The Sig Sauer MCX, the assault rifle Omar Mateen used during his attack on an Orlando gay club.
The Sig Sauer MCX, the assault rifle Omar Mateen used during his attack on an Orlando gay club.

When was the last time a member of Congress called for your death? For the estimated 9 million LGBT adults in the United States, it was May 26, during a meeting of the House Republican Conference on Capitol Hill. Expressing opposition to an amendment that would have added LGBT job protections to an appropriations bill, Rep. Rick Allen of Georgia read Romans 1:18–32 to his colleagues. One of six Bible passages about homosexuality, it decrees that “those who persist in such practices deserve death.” Two weeks later, Omar Mateen murdered 49 people during Latin night at a gay club in Orlando, Fla. The deadliest shooting in modern U.S. history, it has sparked essential conversations nationwide about prejudice and violence—conversations that are germane to architecture as we strive toward greater diversity.

Homophobia didn’t suddenly vanish last year after the Supreme Court legalized same-sex marriage. “More than 150 pieces of legislation were pending in state legislatures that would restrict rights or legal protections for sexual minorities,” The New York Times reports. “Gays have surpassed Jews as the minority group most often targeted in hate crimes, according to the FBI.” It is well-proven that hate speech promotes hate crimes. So say what you want, but please, watch what you say. Intolerance and the threat of violence don’t just occur somewhere on the lunatic fringe. They’re a reality in our schools and workplaces.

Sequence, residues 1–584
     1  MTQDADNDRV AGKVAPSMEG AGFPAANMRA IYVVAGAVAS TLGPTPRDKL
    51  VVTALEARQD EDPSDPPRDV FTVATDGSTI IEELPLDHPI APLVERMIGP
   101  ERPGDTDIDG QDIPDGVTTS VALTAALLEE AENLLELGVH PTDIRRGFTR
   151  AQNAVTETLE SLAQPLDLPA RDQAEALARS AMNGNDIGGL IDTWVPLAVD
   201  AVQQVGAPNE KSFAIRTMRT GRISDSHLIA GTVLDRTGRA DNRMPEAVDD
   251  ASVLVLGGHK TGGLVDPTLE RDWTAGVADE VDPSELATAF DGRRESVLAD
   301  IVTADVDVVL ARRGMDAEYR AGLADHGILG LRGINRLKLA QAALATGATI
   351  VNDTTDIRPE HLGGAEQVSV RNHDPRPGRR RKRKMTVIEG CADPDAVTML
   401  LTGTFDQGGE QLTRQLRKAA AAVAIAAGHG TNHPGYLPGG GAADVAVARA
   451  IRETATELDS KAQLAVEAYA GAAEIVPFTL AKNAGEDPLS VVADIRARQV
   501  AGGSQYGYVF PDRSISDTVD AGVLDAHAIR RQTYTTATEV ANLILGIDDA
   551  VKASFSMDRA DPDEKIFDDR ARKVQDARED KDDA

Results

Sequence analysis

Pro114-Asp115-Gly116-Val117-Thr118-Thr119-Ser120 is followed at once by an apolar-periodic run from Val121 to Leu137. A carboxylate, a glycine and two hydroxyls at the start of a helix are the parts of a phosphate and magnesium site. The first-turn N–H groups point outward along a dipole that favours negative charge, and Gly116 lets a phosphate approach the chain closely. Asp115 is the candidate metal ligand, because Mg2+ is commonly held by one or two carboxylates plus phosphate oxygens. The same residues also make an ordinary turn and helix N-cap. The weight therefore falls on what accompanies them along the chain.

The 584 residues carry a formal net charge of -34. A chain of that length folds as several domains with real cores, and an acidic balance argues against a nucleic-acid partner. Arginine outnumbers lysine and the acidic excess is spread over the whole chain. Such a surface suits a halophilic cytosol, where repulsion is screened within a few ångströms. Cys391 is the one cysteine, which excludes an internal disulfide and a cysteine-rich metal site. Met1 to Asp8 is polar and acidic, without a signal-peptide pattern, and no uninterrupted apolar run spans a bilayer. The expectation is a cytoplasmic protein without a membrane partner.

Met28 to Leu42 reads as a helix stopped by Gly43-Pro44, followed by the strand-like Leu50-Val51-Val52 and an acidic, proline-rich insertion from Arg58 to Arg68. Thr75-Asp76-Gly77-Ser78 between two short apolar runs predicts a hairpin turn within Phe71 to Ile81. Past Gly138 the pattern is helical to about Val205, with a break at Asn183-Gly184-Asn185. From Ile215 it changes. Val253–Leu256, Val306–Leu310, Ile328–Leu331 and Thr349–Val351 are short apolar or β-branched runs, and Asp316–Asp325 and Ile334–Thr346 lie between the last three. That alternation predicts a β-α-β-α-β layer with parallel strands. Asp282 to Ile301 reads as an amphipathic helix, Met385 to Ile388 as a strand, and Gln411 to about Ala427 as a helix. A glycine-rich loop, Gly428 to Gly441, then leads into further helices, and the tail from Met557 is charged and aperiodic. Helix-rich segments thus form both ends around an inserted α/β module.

In a 2015 construction industry survey, The Architects’ Journal found that while more than 70 percent of Britain’s gay architects felt comfortable being open about their sexuality in the office, some 60 percent had heard homophobic comments at work in the past 12 months, only 20 percent felt supported by senior colleagues, and just 12 percent felt comfortable being openly gay on jobsites.

I am unaware of an equivalent U.S. study. (The AIA’s 2016 diversity report focused solely on gender and race.) But an absence of data doesn’t mean there’s an absence of discrimination. Rep. Allen himself is part of the AEC industry, as founder of a commercial general contracting company. His official bio says he “graduated from Auburn University’s School of Architecture and Fine Arts” (now called the College of Architecture, Design and Construction). Allen or someone with similar opinions could easily be your customer, client, colleague, or boss. For LGBT folks like me, that’s a scary prospect, because in 29 states we have no legal job protections, in 75 countries homosexual acts are illegal, and in 10 countries homosexuality is punishable by death.

The AIA code of ethics lacks the force of law, but it admirably encourages a culture of diversity, prohibiting discrimination by “race, religion, gender, national origin, age, disability, or sexual orientation.” While the code should be amended to encompass gender identity, it readily could serve as a model for other industry organizations, too many of which have no equivalent. Indeed, if I can find a bright side to Orlando, it is as a reminder that the profession, and individual architects, can take a leadership role, fostering inclusivity in design studios, on the jobsite, in meetings with clients and collaborators, and beyond. After all, architecture serves to build communities, not condemn them.

It’s part of our DNA.